Conservatives and Libertarians in Redmond discussion

Does our vote matter anymore?

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message 1: by Heather (last edited Oct 27, 2010 10:11AM) (new)

Heather Clapp | 3 comments I've always been politically active. I know who the candidates are, what they say, what they've done....I even have good instincts for sincerity and feel certain that some very honest-hearted people have made it into the big time political arena.

But cycle after cycle, candidates continue to under-deliver on their promises. They tax when they say they won't. They bow to to special interests when they say they don't.

I felt as if they personally let me down and that next cycle I'd just have to be more careful about the person who would earn my vote....but now I'm realizing the problem isn't the players. It's the game.

Many a bright-eyed, fix the system type, young politician has become every bit the wheelin dealin, filibustin, sell out that dominates the congresses of each U.S. State. Is it their inherent weakness of character?....their own underestimated resolve? Maybe somewhat, but theproblem is larger than any one person.

Somehow holes in the constitution...factors the founding fathers would have found confounding, allowed money to be the strongest governing force. Well meaning politicians are forced to make concessions to find the funds that could keep them in power long enough to actually do something good. If they can find the campaign money to get re-elected after 2 years they might have gotten to know the right folks by then to scratch their back.

The truly honest in politics....the one's who can't stand the fact that at best, they'll be the better of two evils, will get chewed up before they get very far, and we'll be left voting for bad and worse.

Since this system is the one generating our supposed choice of representation, does voting really matter? Would it be better to stop pretending we live in a free America? If we saw ourselves living in a corporate/union oligopoly, might we then be motivated to demand our true freedom?

The Jefferson Project

message 2: by Andy (new)

Andy Strum (fed-upamerican) | 8 comments Term Limits - Jefferson had the Right Idea
It will change when there are no Career Politicians
During the forming of our government, a committee was appointed to study proposals for the new union. Thomas Jefferson wanted a term limitation, saying it was “to prevent every danger which might arise to American Freedom by continuing too long in office the members of the Continental Congress.” (HE WANTED TERM LIMITATION, SINGULAR, NOT TERM LIMITATIONS, PLURAL)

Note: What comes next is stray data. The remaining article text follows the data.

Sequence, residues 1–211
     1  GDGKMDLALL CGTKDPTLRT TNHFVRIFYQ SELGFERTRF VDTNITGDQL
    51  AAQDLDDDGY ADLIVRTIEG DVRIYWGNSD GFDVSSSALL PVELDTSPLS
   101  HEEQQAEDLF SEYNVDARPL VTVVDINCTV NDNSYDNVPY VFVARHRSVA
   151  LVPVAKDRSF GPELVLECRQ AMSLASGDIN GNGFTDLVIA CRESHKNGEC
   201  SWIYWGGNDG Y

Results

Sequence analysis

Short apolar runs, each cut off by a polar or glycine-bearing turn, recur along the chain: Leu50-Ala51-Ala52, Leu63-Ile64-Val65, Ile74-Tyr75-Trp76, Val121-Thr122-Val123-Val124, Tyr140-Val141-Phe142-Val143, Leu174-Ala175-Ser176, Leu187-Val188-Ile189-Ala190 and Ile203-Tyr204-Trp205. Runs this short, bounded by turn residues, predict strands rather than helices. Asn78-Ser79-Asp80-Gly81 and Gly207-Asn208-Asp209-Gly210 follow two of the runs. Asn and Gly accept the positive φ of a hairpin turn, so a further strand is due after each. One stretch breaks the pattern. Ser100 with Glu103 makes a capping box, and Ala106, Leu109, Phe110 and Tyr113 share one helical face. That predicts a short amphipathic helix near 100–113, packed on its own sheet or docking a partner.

The Articles of Confederation omitted mandatory term limits. Soon after the Revolutionary War and victory over the British, there was a continuous turnover in Congress and a strong tendency to mistrust anyone seeking too much power. King’s were on the throne for life; Americans did not want any one person to be in power for very long. Politicians also felt the same and did not continually seek re-election. The Constitution was ratified without term limits. Many statesmen thought it was a dangerous omission. President George Washington set a standard by having to be persuaded to run for his second term and refusing to run for a third. This two term practice was followed by every President, except Franklin Delano Roosevelt who served four terms. The twenty-second Amendment to the United States Constitution, ratified in 1951, limited the term of office for the President.

During the Civil War, The Confederate States Constitution limited the President to one single, six year term. They knew something we still haven’t learned, being an elected politician is not a career, it is short term service to your country. In the early 1990s, almost half the States put a Congressional Term Limit Referendum on their ballots. The referendums passed. However, in the mid 1990s, the U. S. Supreme Court ruled that States cannot impose term limits on Congressmen. If re-elected, Congressmen can stay in Congress for their lifetime. The longer someone stays in office, the more relationships they build, the more favors they owe and the larger their war chest becomes. Many end up staying in office until they wish to retire or family matters take precedent.

In 2008, an estimated $5 Billion was spent by various politicians seeking election including $2 Billion spent solely on Presidential campaigns. That’s a lot of money to find employment. Along with this money come obligations for the victors. These obligations might not be in the best interest of the entire country. Favors are granted, earmarks and entitlements are entered into legislation and special interest groups are rewarded. Unless our system is changed, we run the risk of future politicians being partners to their supporters, not impartial legislatures.

Although it sounds like an impossible task, our country needs to limit the term in office, for all elected officials, to ONE six year term.

Please see the rest of my writings in my new book:
Essays From a Fed-Up Middle Aged, Middle Class American" By: Andy Strum
Excerpts available on Amazon at:

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